December 9, 1956
UP IN SMOKE
BY RUSSELL KIRK
--Mr. Kirk is the author of " The Conservative Mind " and other works--
In the High street of the ancient town of Perth, at the heart of Scotland, stands the most interesting tobacconist's shop in the world: Rattray's of Perth. Mr. Charles Rattray, the proprietor, a gentleman nearing 80 years of age, is a wise man. The contemplative virtues thrive in the fumes from a pipeful of good tobacco. Surrounded by his wooden images of Pocahontas, Black Boys, and Highlanders, Mr. Rattray discourses of enduring verities. He knows, for instance, the meaning of tradition.
" Look at almost any painting," says Mr. Rattray. " Three-quarters of the canvas is covered by the background. Tradition is the background of our life. Take away the background, and you have spoilt the painting." There surely is no dearth of tradition in Rattray's of Perth: the finest collection of antique tobacco jars in the world stands on its mahogany shelves, and the Virginian and Turkish tobaccos in its venerable bins are blended by adepts of the old school. The whole handsome shop in the High street has an 18th century elegance. Mr. Rattray who knows his Scottish history, has Jacobite sympathies; and this is fitting enough, for the first image of a Highlander set above the door of an 18th century tobacconist's shop was put there as a sign to persecuted adherents of the Stuarts that they would find congenial company within.
Tobacco blending and selling in Britain is a trade still in private hands. A shop like Rattray's of Perth is a far cry from the dreary little holes-in-the-wall that dispense cigarets in Italy or Spain - for that matter , in most of Europe. The tobacco trade being a state monopoly in the Latin lands, the tobacconists' shops there are squalid affairs, generally; their prices are very high; and the quality, and small variety of their wares are discouraging. In Britain, however, it is still possible - for a price, the excise duties upon tobacco being inordinately heavy - to buy decent tobacco at a decent shop.
Yet even in Britain establishments like Rattray's belong to the order that is passing. "Ten years ago," Mr. Charles Rattray observes, " I could give a lecture on the history of the trade to four or five decent tobacconists roundabout. Now there is no one left to listen to me." Nowadays, along with many other old and good institutions, the better tobacconists' shops are sliding down to dusty death; and the reasons for their plight are not far to seek.
The burden of taxation imposed by the garrison state and the welfare state is the primary cause. Cigarets cost nearly twice as much in Britain as in America, tho wage rates are only half those of America. Indifferent cigars cost three shillings and sixpence (50¢); tolerable ones, seven shillings ($1). Generally speaking, cigars have been taxed out of the shops, for the rate of taxation upon them passed the point of diminishing returns years ago; and many do not even bother to carry cigars, there being no custom for them.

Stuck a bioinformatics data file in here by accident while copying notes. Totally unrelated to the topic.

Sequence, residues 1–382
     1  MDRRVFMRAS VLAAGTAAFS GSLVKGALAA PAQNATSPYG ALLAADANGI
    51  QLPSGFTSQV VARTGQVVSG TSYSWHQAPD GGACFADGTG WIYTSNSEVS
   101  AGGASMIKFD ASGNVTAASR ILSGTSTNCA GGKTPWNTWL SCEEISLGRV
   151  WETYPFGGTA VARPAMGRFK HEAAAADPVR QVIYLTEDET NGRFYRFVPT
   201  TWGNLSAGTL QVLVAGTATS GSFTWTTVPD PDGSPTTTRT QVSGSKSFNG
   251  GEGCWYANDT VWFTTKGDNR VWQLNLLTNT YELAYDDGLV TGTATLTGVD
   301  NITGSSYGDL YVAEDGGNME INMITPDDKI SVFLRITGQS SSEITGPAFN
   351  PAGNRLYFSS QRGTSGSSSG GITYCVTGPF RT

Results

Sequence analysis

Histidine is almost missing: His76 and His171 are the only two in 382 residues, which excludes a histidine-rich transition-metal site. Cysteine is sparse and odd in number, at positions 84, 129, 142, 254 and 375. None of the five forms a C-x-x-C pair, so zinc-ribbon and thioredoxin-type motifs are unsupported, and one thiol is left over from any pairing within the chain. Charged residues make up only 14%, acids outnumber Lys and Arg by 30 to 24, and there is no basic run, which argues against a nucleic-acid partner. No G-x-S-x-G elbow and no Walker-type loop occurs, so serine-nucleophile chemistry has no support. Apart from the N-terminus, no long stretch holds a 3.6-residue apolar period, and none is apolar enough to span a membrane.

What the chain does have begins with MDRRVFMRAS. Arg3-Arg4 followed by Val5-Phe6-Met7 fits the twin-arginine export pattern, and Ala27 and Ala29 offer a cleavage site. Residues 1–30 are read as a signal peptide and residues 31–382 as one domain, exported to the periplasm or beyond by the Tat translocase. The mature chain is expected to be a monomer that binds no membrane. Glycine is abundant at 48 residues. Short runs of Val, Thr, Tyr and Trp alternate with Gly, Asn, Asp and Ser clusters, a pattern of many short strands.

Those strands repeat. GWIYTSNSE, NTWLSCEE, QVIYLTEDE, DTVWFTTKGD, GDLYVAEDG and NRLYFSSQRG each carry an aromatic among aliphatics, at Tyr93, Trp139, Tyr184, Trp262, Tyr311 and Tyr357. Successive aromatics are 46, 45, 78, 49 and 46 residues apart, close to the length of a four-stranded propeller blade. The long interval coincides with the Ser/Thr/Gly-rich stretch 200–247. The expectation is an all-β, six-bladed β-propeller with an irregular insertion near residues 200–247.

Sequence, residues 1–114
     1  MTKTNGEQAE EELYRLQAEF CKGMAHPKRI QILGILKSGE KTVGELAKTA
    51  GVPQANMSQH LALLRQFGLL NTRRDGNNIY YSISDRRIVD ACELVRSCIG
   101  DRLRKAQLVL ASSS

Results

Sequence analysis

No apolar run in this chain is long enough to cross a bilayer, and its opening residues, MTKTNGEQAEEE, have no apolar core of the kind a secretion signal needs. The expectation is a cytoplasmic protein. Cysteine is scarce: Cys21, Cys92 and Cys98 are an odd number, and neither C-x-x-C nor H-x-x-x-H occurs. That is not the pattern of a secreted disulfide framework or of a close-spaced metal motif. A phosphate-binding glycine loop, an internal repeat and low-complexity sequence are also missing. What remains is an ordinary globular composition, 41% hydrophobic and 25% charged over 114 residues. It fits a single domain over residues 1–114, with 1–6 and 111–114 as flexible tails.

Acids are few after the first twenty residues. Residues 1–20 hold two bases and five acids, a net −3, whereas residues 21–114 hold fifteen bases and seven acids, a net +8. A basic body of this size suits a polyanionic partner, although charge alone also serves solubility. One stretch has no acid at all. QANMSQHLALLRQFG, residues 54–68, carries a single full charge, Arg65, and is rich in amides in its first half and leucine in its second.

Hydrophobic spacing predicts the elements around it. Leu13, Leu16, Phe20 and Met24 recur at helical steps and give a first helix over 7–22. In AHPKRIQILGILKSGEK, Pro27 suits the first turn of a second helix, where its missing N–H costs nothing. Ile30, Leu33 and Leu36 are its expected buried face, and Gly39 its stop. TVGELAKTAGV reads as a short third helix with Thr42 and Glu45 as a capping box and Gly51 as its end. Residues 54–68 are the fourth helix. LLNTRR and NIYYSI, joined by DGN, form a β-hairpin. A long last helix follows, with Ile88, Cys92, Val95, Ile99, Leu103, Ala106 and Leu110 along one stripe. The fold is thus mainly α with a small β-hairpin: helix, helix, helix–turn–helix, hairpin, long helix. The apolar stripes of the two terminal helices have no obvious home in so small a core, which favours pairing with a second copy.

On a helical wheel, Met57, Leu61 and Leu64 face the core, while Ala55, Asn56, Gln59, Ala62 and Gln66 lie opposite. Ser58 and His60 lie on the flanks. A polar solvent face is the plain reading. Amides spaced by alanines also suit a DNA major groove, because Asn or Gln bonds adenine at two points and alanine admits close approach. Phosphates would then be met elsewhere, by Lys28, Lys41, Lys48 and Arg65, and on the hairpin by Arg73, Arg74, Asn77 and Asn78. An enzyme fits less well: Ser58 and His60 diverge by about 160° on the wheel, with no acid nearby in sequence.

At a large shop which calls itself " Fife's Tobacco Depot," I asked the proprietor, " What cigars do you have? " He turned perplexedly and commenced to search his top shelves. "Agnes," he called out after two or three minutes, '' where did we put that cigar?
Ideology and class resentment enter into the duty upon cigars: in the German speaking countries, cigars always have been regarded as a popular commodity, and so their price remains low. But in Britain, for many years, to puff upon a cigar has been considered a token of affluence; and, therefore, persons fond of the doctrine of equal misery have taxed the cigar trade to death in the belief that if you can afford a cigar, you can afford any amount of duty. To diminish the duty, even tho the amount of revenue might be doubled by a prudent reduction of the rate, would be to invite the fury of the socialist.
In the welfare state, income taxes compel the paring of middle class budgets to the bone; and one stroke of the paring knife shears away the better tobaccos. Working class incomes have risen; but they have not risen enough to provide a new consuming public for cigars and special blends; and, besides, the British workingman, long accustomed to bad tobacco, rarely asks for anything but the cheapest brands of cigarets. Even to smoke a pipe is become a real luxury. With duty, the price of a pound of Rattray's Red Rapparee mixture, in Britain, is 84 shillings ($11.75). But if a pound of that same tobacco is posted to a customer in the United States, duty free, the price is only 24 shillings ($3.35). Yet no one indulges any hope that the duty will be lowered.
Thus the old fashioned tobacconist finds himself with his back to the wall. His old customers, as a body, are being taxed out of existence; even the taste for decent tobacco is suspect, in some quarters, as smacking of the Bad Old Days. Good tobacco and pleasant tobacconists' shops are trifling enough matters, no doubt, in this age of catastrophe. Greater things have gone down the drain. But as part of the amenities of civilization, they are bound up with a complex of tastes and pleasures and preferences and refinements which mark any elevated culture. In the thorogoing equalitarian society, no doubt, everyone will get his tobacco ration, even if he doesn't want it; but the tobacco, I suspect, will not be worth the smoking.
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